I am thinking this is probably a great play for that. It will play directly to that strength, because it’s built entirely from that.

Hopefully! It is an emotional underbelly. I guess. It’s an emotional… there are a lot of unexpressed feelings (onstage).

How do you dream up a person (or character)? Do you have a process, or do they already somehow exist?

It’s totally different depending on the project. These voices in this play are incredibly familiar to me. They talk like I kind of talk. People I’ve been obsessed with and wanted to perform myself like, or wanted to sound like… it sounds like me and people I’ve been in love with, all of them. That feels so different than anything else that I’ve done. Also, because in this piece — the main action of the piece is them talking to each other, which is a new thing for me. My characters are often relatively garrulous, sometimes even ridiculously verbose, but these people, these people really outdo them all. In that department.

Everybody’s got a lot to say. I think these are people who are really cut off from the expressions that would bring them joy. Because they don’t have a socially normative channel for their devotion, interests, passions, ideas, relationships… that when they have privacy and safety, there’s so much to say. And to perform loudly. And to take up space with, when there’s no container on how they must be. These people’s inner life is rife with unruly stuff.
So I put it onna roof!

Put it on a roof! Where nobody can see it. Except for the audience.

I’m going to return to the scientific method now. Do you think carrying that knowledge, of what it is, how it functions, is useful for an audience member as a way to, I don’t know, better contextually understand this play —

The scientific method being the sort of original structure of the piece, but I think there’s a “letting go” of the structure but retaining the ideas around how the play really is trying to prove on some level that openly subjective interpretations of reality are more important than what we call “objective” ones. The idea that if we could study the evolution of – you know – we could probably better understand fascism by studying what people painted… our tools to understand the cultural experience and our human history, we would be better off studying evolution in art than in trying to contain what we consider history in stuff we call objective forms. Our separation of subjects, the way we’re educated, that we’re taught math as a discrete topic, its own entity separate from music, for example, and that we’re taught that language is separate from history? All of these things are really false notions based on an agenda to actually – our school model is still a puritan one.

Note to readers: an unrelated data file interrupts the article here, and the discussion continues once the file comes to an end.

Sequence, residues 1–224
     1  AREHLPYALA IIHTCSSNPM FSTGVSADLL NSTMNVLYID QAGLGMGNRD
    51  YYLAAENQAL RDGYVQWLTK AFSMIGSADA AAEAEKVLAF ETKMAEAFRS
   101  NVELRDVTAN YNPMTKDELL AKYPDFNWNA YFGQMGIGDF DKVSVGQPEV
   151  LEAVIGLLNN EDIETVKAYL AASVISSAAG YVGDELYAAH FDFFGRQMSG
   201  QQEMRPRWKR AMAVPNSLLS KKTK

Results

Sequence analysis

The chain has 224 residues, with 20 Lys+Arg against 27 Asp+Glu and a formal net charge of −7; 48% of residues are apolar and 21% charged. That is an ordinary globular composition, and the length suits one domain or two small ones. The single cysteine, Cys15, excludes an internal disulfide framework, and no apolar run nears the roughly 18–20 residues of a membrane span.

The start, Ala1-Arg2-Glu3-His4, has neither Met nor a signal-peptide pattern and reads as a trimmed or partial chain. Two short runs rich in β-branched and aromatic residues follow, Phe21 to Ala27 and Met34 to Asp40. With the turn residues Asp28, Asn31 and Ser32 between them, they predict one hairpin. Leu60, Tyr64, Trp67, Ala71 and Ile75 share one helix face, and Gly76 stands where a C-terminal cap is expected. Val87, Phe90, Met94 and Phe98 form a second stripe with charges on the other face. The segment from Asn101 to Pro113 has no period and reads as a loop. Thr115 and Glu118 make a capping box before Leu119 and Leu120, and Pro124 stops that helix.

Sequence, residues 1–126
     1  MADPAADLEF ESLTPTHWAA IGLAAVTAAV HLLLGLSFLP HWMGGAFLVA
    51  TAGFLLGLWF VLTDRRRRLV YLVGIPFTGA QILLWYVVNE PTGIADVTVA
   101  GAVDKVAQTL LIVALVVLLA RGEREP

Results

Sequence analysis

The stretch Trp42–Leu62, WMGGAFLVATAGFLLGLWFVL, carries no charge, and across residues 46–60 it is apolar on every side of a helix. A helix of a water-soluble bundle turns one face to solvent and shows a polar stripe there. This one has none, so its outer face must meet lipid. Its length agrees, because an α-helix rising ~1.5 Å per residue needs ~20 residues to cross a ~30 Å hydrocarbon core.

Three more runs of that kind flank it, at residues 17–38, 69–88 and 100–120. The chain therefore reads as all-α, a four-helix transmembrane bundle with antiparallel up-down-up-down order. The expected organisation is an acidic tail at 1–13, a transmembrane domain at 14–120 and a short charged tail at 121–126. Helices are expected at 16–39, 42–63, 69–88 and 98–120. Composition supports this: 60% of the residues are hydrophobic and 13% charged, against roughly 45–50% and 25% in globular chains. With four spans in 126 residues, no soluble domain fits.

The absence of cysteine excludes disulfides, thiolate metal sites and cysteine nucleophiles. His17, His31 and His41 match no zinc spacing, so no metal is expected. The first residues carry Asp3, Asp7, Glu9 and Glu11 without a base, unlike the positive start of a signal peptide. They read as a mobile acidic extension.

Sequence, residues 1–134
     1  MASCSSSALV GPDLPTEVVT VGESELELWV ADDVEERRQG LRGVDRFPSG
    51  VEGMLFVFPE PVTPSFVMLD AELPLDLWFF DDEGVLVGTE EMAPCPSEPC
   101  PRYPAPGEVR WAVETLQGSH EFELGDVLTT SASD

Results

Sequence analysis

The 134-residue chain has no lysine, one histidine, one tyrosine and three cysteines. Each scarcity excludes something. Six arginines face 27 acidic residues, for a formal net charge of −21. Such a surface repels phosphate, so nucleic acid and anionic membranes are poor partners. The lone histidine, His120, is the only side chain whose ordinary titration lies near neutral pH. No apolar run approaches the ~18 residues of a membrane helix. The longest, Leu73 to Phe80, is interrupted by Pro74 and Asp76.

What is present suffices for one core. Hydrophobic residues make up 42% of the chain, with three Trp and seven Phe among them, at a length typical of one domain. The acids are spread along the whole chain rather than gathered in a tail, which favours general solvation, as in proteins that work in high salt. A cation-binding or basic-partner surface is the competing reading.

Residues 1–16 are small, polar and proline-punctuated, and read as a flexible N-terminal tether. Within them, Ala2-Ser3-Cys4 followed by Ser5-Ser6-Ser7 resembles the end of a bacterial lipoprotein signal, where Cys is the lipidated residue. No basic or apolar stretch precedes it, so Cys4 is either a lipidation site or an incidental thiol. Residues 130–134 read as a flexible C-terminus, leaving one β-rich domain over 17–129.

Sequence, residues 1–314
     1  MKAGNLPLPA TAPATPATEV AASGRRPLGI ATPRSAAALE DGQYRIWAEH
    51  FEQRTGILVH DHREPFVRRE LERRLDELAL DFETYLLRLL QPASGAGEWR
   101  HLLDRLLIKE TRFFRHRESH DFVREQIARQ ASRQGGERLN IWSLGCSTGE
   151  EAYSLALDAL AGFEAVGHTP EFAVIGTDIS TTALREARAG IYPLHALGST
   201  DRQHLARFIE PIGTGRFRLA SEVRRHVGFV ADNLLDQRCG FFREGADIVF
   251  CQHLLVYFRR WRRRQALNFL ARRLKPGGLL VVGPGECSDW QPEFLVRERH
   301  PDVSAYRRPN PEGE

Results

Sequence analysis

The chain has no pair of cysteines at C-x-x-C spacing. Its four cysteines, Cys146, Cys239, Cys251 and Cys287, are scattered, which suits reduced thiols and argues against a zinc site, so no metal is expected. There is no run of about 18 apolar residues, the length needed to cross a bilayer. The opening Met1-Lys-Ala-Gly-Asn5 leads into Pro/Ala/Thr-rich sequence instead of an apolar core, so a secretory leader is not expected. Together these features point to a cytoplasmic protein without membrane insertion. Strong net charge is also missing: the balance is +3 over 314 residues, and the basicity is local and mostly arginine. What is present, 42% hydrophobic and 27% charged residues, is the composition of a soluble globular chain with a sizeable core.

It’s like… objective subjects. Not, subjective objects.

Yeah!! Whatever that really means, but so – the way we’re taking in information, since we’re being taught it, still in this puritanical system, is connected to the scientific method, is ultimately ruining our curiosity and making us believe that the human brain hasn’t the capacity for objectivity at all. I’m so much more interested in talking about how our subjective experiences are not less valuable. The superiority of what we’re calling objective is actually the superiority of ideas of a particular class of people throughout history. The play actually — what might not be super perceivable in it but what I feel are the foundational ideas of it — questions who is the object, who is the subject, and when is that a spectrum? What’s true and what’s not true are maybe not the most important questions.

We know, in terms of psychological science, that we’re not moved by facts. We’ll hold onto information that appeals to our beliefs. We’re gonna feel much more at home in our closest and dearest beliefs that are held closest and dearest to our family and friends. No fact is going to interrupt that. So one one hand, I want to be like, there are no facts in general, almost. And on the other hand, even if there were, obviously they’re not that important. If we can’t use them to decide how to actually live our lives, raise our children, educate ourselves and other people, create a system that supports its most vulnerable members… when we cannot do that using facts, I just want to throw facts away.